The ethical debate becomes complicated when we move to the second-priority group — the elderly. Several high-profile health organizations around the world have recommended protecting the elderly, and those with comorbidities first, as a way to reduce the mortality risk they face with Covid19. “Elderly people may not be working high-risk jobs, but Covid19 is causing high mortality among them. … It’s the principle of providing protection to them,” Jesani says.
This model, however, is at odds with the goal of reducing the rate of infection, which is facilitated by a predominantly younger and working population. “Allocating vaccines to those most responsible for the transmission of Covid19 may confer more benefit to the population at large,” a paper published by the American Journal of Medicine states. It’s the path chosen by Indonesia — a country whose economy was severely impacted by the Covid19 pandemic. Indonesia has decided to go against popular recommendations issued by the likes of the U.S. Centers for Disease Control and the World Health Organization, instead choosing to inoculate its 18 to 59 age group of working people, as an initiative to jumpstart the economy.
This approach also has indirect protection benefits for more at-risk groups, especially in India. “As the economy starts coming into normalcy, there is more risk of old people contracting an infection from the young people going out. There is a society’s obligation to help them from the threat,” Jesani says. This can be done by protecting the elderly or indirectly protecting them by protecting the young.
Either way, the vulnerability of the individual in the Covid19 pandemic is at odds with the vulnerability of the economy, and choosing which one to prioritize is a decision the Indian government has taken without any transparency.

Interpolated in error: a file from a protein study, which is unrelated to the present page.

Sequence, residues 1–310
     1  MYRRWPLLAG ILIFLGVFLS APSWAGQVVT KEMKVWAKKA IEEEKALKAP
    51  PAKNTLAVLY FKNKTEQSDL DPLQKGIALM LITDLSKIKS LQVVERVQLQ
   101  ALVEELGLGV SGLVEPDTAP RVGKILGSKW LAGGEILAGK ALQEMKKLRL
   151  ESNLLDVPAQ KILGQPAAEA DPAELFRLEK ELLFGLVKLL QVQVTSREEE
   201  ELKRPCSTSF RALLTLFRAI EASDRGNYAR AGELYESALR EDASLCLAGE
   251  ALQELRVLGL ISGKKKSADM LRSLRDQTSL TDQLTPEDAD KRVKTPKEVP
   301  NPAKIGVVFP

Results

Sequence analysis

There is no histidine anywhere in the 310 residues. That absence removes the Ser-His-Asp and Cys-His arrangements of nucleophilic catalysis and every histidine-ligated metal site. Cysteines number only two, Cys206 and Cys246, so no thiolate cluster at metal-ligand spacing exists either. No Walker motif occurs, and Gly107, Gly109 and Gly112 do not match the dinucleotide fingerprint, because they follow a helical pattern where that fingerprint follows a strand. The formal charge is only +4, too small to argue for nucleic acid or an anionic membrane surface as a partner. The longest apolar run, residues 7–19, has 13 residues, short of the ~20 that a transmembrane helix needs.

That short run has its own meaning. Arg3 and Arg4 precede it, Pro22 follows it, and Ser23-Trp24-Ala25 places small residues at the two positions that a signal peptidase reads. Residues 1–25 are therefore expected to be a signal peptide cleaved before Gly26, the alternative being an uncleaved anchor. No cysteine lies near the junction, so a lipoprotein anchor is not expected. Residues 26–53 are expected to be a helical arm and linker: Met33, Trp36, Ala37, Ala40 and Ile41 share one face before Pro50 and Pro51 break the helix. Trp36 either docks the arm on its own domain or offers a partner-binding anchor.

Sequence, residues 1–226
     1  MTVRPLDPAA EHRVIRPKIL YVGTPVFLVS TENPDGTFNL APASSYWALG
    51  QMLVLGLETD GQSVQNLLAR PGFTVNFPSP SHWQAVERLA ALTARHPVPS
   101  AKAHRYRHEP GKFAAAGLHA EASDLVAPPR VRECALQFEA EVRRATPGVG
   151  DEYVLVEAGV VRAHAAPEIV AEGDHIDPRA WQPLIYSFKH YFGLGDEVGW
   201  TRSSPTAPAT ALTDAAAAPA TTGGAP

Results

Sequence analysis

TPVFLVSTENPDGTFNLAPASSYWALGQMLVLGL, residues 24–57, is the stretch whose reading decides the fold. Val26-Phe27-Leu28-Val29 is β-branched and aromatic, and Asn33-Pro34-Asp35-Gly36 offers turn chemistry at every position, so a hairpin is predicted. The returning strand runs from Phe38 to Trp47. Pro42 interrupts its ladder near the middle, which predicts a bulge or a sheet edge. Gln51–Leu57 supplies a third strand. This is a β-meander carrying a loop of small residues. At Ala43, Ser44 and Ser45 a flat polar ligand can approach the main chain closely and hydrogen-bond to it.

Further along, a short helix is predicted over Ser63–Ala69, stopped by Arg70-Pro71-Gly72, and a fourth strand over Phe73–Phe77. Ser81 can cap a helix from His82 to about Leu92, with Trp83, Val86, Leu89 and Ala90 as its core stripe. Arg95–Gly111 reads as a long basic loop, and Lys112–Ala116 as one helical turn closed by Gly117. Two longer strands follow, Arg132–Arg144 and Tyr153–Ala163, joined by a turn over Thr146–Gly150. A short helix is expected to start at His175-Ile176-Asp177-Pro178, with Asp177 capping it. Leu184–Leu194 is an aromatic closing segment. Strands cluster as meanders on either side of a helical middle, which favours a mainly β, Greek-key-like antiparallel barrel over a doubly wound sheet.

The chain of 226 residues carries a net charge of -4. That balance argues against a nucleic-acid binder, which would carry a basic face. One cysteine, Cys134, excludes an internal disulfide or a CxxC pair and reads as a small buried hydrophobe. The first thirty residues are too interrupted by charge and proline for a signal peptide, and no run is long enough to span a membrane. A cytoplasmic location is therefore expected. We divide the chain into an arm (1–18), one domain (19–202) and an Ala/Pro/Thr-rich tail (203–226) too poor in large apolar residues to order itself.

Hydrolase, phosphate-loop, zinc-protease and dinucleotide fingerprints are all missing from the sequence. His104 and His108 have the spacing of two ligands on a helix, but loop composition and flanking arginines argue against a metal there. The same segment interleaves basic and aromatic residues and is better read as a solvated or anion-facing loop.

While on paper, the current prioritization model seems to fulfill basic ethical principles, Bhan says the problem is that we have no clue about how the government arrived at it. “What is most important is having a clear rationale you use, and why you think it’s the best approach. How did we get there?” Bhan asks. Although the government, in August 2020, had created a National Expert Group on Vaccine Administration for COVID-19 (NEGVAC) to determine who gets the vaccine, no records of its meetings have been released to date. In response to a recent Right to Information Act application, the Union Ministry admitted it couldn’t locate these records.
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“We have a list, and it seems to be a good list, but maybe we don’t have a rationale,” Bhan says. This will limit our understanding of how to handle future pandemics and how to help policymakers deal with the national health tragedies that experts already predict will multiply from here on. Since the whole vaccine prioritization discussion has been shrouded in suspicion, lack of any guarantees, and possibly politically motivated distribution (such as sending vaccine doses free of cost to neighboring countries for ‘goodwill’), bioethicists are worried about what’s to come, and whose health the government may be unwilling to safeguard.
The main concern here, Bhan reiterates, is equity. “If we don’t know how long the government is going to subsidize the vaccine, what happens beyond that?”
The administration’s inability to provide a universal free access guarantee not only keeps a majority of the country in the dark but can also induce panic-buying by the more privileged in society once the vaccine is available to buy, putting even more pressure on vaccine production. These concerns exist on top of vaccine efficacy and distribution concerns the country is already grappling with, making the next few months fraught with necessary policy decisions that can change the course of India’s response to Covid19.
At the end of the day, there may never be a “perfect” prioritization model, and Jesani admits that vaccinating a country of 1.3 billion people is a “massive organizational exercise” that makes it impossible to prioritize everyone at the same time. But the need of the hour is a guarantee.
“It’s not true that they have a lack of money. Nobody is going to believe they don’t have money when the government is constructing buildings and temples and statues.” Jesani adds, “I don’t mind it getting it after six months. But I want the promise that I’ll get it. Is everybody a priority or not?”